I have two superpowers. The first one is that I’m effortlessly polite. To strangers.
I’ve observed this to be a rare quality in people. For example, whenever I walk down the hallways at work, I’ve noticed that most folks will look at the ground, into space, or at their phones when they pass others.
A tiny bit rude.
Me? I look directly at the person I’m passing, almost daring them to look back at me, and if they do, I give them a ‘Royal nod’, which is basically a slight tilt of my head and a closed-lip smile.
If they don’t look at me, I rationalize it all. Maybe they were lost in thought. Maybe I missed their glance.
Obviously, if the hallway is busy, and I’m passing lots of people, I don’t nod at everyone. That would be insane, and I’m not insane. Just polite.
Sanjeev, one of my co-workers from years ago, once sarcastically remarked to me: “Your nickname should be ‘absolutely sir’ because I’ve heard you say it to customers so many times.”
I wore that comment like a badge of honor.
I didn’t even realize I was saying the phrase so much. I always just figured that if a customer asked you to do something, and you could do it, it was polite to respond in the affirmative and to add on a ‘sir’ or ‘ma’am’.
Sanjeev was irritated by my politeness. He hated our company and our work, and he eventually left it, and so I suppose it makes sense that these sorts of customer-centric niceties would grate on him.
But to me, it was easy to be polite. It took almost no effort for me to be nice to strangers. And I felt like it helped me.
You see, in the outside world, people don’t always expect to encounter friendly faces. And so when they do, they are often surprised and relieved. I’ve found that, especially during difficult situations, when things don’t go their way, people are more likely to calm down when they feel that they’ve come across someone who appears to be on their side.
And for me, being polite allows me to create composure during even the most stressful of work situations. It allows me to proceed through my day in a peaceful and positive manner.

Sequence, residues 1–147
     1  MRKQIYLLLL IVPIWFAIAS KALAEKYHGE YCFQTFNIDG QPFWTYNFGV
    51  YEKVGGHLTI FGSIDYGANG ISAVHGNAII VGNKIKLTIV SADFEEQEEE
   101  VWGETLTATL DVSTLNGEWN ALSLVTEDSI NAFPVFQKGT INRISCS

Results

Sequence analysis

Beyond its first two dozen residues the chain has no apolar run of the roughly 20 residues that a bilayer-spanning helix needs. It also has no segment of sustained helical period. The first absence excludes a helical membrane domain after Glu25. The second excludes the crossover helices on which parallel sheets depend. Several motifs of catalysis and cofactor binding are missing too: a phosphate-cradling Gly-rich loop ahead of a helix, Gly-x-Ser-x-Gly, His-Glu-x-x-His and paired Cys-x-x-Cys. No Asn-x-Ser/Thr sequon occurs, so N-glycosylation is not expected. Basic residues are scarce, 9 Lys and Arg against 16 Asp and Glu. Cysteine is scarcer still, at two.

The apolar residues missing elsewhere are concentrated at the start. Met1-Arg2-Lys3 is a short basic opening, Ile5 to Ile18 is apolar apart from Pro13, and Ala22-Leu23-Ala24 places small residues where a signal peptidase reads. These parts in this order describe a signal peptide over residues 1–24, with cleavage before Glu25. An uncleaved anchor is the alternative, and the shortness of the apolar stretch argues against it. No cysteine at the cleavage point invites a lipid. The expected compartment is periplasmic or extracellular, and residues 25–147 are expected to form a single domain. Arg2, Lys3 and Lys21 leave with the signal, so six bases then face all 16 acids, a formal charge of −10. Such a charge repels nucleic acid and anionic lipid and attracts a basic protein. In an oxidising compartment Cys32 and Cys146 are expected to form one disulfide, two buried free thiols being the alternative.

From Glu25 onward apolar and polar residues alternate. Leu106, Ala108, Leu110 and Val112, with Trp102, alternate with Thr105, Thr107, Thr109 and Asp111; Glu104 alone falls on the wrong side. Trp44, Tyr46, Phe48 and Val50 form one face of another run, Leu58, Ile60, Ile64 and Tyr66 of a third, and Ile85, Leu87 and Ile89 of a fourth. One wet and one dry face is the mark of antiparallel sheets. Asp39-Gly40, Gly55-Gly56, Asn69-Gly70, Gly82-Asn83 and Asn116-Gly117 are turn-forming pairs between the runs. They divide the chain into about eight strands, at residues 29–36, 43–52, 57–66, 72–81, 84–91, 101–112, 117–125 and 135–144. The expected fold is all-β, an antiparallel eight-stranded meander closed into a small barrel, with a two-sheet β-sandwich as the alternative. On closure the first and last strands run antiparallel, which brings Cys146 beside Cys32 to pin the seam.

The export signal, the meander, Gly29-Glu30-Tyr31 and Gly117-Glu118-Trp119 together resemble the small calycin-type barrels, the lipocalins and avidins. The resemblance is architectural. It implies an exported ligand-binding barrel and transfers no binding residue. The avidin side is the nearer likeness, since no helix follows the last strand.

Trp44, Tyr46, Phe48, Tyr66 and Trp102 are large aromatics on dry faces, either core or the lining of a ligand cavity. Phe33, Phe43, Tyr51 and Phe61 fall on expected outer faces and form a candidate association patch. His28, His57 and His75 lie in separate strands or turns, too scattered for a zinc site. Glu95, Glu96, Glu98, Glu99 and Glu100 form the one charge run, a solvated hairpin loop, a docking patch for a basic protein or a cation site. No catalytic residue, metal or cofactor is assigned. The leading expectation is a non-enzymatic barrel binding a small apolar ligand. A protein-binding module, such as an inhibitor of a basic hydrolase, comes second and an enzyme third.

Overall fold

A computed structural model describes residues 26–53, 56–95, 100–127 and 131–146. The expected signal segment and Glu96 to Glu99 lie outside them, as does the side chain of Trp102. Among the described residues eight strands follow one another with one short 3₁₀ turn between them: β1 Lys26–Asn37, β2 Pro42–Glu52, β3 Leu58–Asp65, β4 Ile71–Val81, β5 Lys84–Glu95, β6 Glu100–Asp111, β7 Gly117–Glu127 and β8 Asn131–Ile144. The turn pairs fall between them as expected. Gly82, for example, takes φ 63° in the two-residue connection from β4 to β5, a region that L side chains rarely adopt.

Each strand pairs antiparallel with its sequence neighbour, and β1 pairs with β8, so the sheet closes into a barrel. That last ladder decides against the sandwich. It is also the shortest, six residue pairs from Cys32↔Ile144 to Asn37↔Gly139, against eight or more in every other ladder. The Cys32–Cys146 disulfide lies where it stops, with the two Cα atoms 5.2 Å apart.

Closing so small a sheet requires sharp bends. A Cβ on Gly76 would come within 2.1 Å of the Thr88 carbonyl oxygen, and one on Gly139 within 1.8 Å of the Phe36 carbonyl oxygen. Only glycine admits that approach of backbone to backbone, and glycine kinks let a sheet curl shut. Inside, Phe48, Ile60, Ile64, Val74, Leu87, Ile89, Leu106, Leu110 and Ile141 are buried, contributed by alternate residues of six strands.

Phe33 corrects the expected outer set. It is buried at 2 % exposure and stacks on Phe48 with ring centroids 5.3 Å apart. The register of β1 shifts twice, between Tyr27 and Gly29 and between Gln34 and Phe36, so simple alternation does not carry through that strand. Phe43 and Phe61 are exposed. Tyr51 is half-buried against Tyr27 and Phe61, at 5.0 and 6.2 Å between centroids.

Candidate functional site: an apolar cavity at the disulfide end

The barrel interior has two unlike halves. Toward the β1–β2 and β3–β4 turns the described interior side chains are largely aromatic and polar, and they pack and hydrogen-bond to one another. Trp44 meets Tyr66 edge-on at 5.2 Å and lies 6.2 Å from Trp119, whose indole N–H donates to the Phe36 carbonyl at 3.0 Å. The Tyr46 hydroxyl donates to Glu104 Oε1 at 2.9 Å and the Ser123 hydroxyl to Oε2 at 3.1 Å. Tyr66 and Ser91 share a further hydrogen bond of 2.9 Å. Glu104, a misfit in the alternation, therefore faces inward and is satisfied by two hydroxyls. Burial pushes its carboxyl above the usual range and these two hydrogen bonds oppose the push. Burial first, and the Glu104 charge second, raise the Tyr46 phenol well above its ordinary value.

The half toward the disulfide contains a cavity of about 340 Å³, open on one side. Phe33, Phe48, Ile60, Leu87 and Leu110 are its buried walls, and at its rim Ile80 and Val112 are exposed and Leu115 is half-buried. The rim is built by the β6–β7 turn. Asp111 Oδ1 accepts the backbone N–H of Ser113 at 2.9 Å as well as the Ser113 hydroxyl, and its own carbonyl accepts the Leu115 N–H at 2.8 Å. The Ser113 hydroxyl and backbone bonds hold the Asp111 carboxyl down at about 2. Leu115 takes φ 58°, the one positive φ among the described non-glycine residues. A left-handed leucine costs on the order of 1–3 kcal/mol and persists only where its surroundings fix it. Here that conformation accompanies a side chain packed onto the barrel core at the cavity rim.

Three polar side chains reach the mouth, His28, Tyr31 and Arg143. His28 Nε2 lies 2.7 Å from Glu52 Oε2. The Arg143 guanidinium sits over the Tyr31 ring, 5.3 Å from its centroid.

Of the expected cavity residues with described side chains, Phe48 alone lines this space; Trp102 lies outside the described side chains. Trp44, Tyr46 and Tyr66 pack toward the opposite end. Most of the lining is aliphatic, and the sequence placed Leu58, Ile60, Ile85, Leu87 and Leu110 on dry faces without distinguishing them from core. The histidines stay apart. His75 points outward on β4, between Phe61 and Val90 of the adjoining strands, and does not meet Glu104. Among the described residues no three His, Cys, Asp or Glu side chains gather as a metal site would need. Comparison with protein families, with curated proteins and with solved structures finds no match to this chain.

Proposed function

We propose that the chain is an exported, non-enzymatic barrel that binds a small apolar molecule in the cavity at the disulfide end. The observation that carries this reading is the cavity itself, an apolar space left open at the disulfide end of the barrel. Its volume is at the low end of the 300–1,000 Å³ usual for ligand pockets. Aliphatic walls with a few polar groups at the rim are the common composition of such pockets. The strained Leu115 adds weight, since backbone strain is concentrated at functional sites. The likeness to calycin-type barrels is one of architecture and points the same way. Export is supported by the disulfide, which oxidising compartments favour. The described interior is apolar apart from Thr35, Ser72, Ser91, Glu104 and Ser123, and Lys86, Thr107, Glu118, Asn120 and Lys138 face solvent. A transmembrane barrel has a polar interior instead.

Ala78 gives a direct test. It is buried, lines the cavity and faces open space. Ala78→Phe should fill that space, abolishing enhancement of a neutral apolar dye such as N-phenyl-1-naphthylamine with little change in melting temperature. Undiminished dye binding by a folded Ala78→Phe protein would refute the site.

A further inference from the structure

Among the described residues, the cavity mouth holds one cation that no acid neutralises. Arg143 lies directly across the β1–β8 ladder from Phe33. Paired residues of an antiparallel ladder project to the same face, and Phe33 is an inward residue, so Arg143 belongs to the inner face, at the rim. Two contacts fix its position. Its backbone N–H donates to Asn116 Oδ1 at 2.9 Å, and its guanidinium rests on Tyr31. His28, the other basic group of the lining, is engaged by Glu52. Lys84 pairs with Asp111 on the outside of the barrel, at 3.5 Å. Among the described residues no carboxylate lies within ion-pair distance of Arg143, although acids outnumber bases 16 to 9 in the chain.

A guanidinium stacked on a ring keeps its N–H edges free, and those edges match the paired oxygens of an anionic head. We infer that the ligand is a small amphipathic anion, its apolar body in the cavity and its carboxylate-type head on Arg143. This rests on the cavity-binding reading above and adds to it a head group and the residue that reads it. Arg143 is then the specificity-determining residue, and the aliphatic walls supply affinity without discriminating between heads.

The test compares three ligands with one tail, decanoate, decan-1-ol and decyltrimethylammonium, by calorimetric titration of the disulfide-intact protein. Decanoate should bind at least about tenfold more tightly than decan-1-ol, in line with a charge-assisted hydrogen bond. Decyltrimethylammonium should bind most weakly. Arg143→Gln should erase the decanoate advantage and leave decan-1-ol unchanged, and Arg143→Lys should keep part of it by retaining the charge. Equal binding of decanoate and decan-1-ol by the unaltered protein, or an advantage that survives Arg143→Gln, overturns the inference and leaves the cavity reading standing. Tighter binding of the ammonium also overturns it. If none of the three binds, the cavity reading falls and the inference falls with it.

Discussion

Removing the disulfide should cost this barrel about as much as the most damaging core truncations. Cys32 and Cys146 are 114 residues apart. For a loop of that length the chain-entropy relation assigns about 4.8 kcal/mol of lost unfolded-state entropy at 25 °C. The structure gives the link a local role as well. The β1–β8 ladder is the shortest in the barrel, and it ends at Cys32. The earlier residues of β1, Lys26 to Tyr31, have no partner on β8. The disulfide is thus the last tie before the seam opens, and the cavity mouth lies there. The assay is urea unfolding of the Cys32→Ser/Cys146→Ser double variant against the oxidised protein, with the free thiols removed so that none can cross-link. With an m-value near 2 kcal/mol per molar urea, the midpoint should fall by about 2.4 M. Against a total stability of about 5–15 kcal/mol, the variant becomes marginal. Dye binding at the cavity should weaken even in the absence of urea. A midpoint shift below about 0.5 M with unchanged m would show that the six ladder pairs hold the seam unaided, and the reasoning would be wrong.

That’s one of the things politeness is supposed to do, I think. It’s supposed to make people feel at ease.
I’ll share with you a secret from my politeness repertoire. It’s a simple little phrase, and it always makes people feel good. I will share this with you because I think that, if you use it wisely, you will experience the same type of joy that I feel when I use it. Here it is: Whenever you are fortunate enough to be able to help someone in some way, if they thank you, respond by telling them sincerely “It was my pleasure”.
I’ve noticed a trend for cashiers at clothing stores to say “Uh-huh” when I say “Thank you”. That response leaves me feeling empty. “You’re welcome” is almost as meaningless a response, in my eyes. On the other hand, when someone tells you that it was a pleasure for them to serve you, you are both left with a warm and fuzzy feeling.
One way to be polite is to accept people as they are. Sanjeev, for example, was a single guy, and he lived alone. One day, I visited him at his house, and I was surprised to find that he had absolutely no furniture.
No chairs. No tables. No stools. No bed.
In one of his rooms, he had a mattress on the floor, and so I figured that it was where he slept. And while I was incredibly curious as to why he was in a situation where he owned no furniture, I never once asked him about it.
That afternoon, he offered to make me tea, and I accepted. He put down newspapers on the carpet in his living room for us to sit on cross-legged, and we drank the tea together and had a very nice time.